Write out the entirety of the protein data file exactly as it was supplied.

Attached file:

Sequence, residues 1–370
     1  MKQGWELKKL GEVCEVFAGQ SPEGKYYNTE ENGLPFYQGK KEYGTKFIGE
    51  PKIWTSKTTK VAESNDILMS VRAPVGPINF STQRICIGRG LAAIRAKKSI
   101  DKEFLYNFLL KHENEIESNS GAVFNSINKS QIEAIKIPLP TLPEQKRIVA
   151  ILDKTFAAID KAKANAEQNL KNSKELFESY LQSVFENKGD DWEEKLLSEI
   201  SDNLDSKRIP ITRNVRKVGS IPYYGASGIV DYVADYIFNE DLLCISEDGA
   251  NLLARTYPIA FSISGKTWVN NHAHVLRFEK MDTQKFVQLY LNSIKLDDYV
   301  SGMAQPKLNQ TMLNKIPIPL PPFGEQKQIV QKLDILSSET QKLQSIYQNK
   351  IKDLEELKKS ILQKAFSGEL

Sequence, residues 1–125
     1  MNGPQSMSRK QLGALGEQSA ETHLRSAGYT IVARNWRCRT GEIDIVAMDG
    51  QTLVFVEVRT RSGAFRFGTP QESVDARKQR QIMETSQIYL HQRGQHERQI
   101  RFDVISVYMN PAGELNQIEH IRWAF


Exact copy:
Sequence, residues 1–370
     1  MKQGWELKKL GEVCEVFAGQ SPEGKYYNTE ENGLPFYQGK KEYGTKFIGE
    51  PKIWTSKTTK VAESNDILMS VRAPVGPINF STQRICIGRG LAAIRAKKSI
   101  DKEFLYNFLL KHENEIESNS GAVFNSINKS QIEAIKIPLP TLPEQKRIVA
   151  ILDKTFAAID KAKANAEQNL KNSKELFESY LQSVFENKGD DWEEKLLSEI
   201  SDNLDSKRIP ITRNVRKVGS IPYYGASGIV DYVADYIFNE DLLCISEDGA
   251  NLLARTYPIA FSISGKTWVN NHAHVLRFEK MDTQKFVQLY LNSIKLDDYV
   301  SGMAQPKLNQ TMLNKIPIPL PPFGEQKQIV QKLDILSSET QKLQSIYQNK
   351  IKDLEELKKS ILQKAFSGEL

Sequence, residues 1–125
     1  MNGPQSMSRK QLGALGEQSA ETHLRSAGYT IVARNWRCRT GEIDIVAMDG
    51  QTLVFVEVRT RSGAFRFGTP QESVDARKQR QIMETSQIYL HQRGQHERQI
   101  RFDVISVYMN PAGELNQIEH IRWAF